I turned 50 this past December, and guess what? My life isn’t over. I didn’t slide down that slippery slope of aging I kept hearing about. If anything, the most amazing thing happened. I woke up. I have morphed into my authentic self like a butterfly emerging from its cocoon. I was as surprised as anyone to experience this awakening, since I believed much of the rhetoric that abounds about decline, depression, and despair being hallmarks of aging. I felt that angst in my 30s, but throughout my 40s and marching into a new decade I began to feel a different mantra struggling to the surface. This mantra said “You are not who you were, only older.” It wasn’t until I turned the corner on 50, however, that I let that mantra break free with all the strength of a gale force wind.
I began to seek out other women in midlife to find out if I was the lone wolf experiencing aging as a rebirth. I didn’t know what to expect, but what I found in talking with women in their 40s, 50s, 60s and beyond is a collective commonality. I found that, like me, they are happy being where they are, and have no desire to go back to any of the earlier stages or decades of their lives. Suzanne Braun Levine talks about this very thing in her book “Fifty is the New Fifty.” She writes: “The assumption is that youth - or at least younger - is the ideal state and that given a chance, no woman in her right mind would relinquish it. I have found the opposite to be true. Many of us are delighting in rejecting that backward-looking mindset and focusing on (to paraphrase the song from The King and I) ‘the beautiful and new things I am learning about me day by day.’ The range of things to learn about ourselves is now as wide as it hasn’t been since we were adolescents. So much about our bodies, our thinking, our relationships, and our approach to the world is under review - by us for a change.”
When you look at the reality, midlife and beyond is longer than any other stage of life. My mother is 92 and still kicking, despite two broken hips that have relegated her to a wheelchair. If I share my mother’s longevity genes, I have another 42+ years of life to live - way longer than childhood, adolescence or early adulthood stages. That’s a tremendous amount of time to simply endure, to simply exist. Newsflash: I have no intention of simply existing, and neither do my midlife soul sisters, most of whom, like me, can expect to live another 25-30 years or more. Our mothers and grandmothers may have felt “the change of life” meant their lives stopped changing, but for today’s midlife and beyond women, that meaning is no longer a fate acompli thanks to the women’s movement and our willingness to rewrite the book on aging.
The real challenge to this stage of life, as I see it, is to get to know ourselves in this new context. Who is this person who declares, “I no longer care what others think of me,” and means it? Who is questioning the meaning of her work, and the nature of her relationships to see if they support who she is now? Who is waking up to the wealth of possibilities, and is willing to tackle a new and totally out-of-character experience just for the fun of it? Who, despite understanding that life and death are not just words any longer, keeps moving forward?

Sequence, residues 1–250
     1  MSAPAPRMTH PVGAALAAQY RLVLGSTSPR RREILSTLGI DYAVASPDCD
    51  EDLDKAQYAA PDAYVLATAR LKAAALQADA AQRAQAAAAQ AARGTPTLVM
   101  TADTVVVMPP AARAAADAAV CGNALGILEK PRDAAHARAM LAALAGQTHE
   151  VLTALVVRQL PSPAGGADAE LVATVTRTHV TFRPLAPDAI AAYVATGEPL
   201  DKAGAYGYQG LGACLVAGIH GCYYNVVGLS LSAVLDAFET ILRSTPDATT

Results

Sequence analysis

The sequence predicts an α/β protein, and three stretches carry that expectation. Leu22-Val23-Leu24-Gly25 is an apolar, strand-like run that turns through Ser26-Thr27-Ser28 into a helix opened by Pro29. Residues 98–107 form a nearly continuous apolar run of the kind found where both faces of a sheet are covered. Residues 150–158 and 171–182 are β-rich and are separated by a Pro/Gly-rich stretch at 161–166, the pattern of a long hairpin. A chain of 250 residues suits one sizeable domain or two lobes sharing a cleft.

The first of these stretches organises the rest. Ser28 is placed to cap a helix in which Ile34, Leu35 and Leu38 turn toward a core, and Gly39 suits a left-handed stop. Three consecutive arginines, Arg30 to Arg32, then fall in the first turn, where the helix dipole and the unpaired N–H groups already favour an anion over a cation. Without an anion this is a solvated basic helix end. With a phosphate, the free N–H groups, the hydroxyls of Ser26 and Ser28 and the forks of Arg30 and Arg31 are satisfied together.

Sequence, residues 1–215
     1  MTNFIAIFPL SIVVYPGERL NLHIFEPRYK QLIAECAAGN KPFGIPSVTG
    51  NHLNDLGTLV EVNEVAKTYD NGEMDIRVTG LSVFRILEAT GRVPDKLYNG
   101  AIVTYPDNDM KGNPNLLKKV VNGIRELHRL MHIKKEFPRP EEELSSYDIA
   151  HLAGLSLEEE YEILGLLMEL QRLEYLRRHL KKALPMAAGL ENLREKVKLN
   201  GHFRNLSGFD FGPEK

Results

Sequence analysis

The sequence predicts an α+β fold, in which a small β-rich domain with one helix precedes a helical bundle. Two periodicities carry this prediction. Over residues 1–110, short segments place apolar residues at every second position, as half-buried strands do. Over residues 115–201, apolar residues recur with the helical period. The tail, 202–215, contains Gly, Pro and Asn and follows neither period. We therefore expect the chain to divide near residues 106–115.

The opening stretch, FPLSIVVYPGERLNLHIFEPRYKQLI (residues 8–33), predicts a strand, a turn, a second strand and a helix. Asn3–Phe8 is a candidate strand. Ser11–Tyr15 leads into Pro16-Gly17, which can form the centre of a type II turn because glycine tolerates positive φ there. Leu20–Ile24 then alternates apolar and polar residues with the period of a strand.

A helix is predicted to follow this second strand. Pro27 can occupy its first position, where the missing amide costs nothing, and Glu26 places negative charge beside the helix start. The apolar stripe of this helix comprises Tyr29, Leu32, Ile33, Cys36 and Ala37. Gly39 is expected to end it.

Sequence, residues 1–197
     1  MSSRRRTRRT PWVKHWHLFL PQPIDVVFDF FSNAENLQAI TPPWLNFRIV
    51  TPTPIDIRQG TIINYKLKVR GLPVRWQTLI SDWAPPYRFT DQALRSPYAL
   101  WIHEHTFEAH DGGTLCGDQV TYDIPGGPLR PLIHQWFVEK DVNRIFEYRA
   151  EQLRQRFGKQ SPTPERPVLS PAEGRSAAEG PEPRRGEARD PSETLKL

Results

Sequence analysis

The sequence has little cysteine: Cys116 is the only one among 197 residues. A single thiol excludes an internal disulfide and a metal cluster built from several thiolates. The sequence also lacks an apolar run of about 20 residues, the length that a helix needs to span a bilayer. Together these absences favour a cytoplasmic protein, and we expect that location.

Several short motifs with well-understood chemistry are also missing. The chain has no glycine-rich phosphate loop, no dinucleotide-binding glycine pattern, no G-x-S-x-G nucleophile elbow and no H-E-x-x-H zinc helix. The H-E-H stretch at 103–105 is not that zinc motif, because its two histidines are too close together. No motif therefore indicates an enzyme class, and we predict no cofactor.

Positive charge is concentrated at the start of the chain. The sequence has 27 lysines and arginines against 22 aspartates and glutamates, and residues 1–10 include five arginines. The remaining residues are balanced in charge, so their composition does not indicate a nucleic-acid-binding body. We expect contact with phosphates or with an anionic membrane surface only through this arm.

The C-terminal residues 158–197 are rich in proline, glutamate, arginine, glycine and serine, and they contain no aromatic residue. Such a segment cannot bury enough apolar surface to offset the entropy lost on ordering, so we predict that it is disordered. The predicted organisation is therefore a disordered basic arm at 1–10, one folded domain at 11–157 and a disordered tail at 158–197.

The struggle is to learn which parts of ourselves are true and authentic, and which parts are conditioned responses based on “faulty” messages we may have received when we were younger. For me, these “faulty” messages said that what I had to offer was my physical appearance - not my intelligence, not my compassionate nature, not my curiosity, and quirky sense of humor - and even that offering wasn’t “good enough.” That baggage has dogged me year after year, but the more I challenge it, the more I realize that it has nothing to do with reality - it has nothing to do with who I really am or what I have to offer. I wasn’t capable of knowing that, of owning that in my 20s or 30s, and just began to grasp it in my 40s. That’s why I can say with complete candor and honesty that given a pill that would transform me back to age 25, I would not take it. Yeah, right, you say. Skeptics abound, I’m sure. Who wouldn’t want to be younger given the chance, but for me, going back to who I was at 25 means living the life of a people-pleaser, a caretaker lacking enough self-worth to recognize my gifts and maintain boundaries. The truth is, there is no magic pill that will transform us back in time, and we don’t need one. What we need is to live the stage we’re in, and to be willing to keep growing. Nothing makes us older faster than standing still, than stagnating.
That knowledge has empowered me enough to become an entrepreneur at age 50, and I work with other professional women 50 and over to create a midlife and beyond that’s as unique as their fingerprint. All the roads I’ve traveled have led me to where I am today. The lines on my face are reminders of these roads (though hopefully a little less weathered). I know that my path is not anyone else’s path, despite that collective commonality I mentioned earlier. Each of us cuts our own unique trail through life. I also know that who I am today is not who I will be in 10 years, in 20 years. I will not be the same person, only older, but will continue to embrace the evolutionary process that is a fundamental part of aging. And although the path I cut is uniquely my own, I’m sure my midlife soul sisters will keep me company along the way.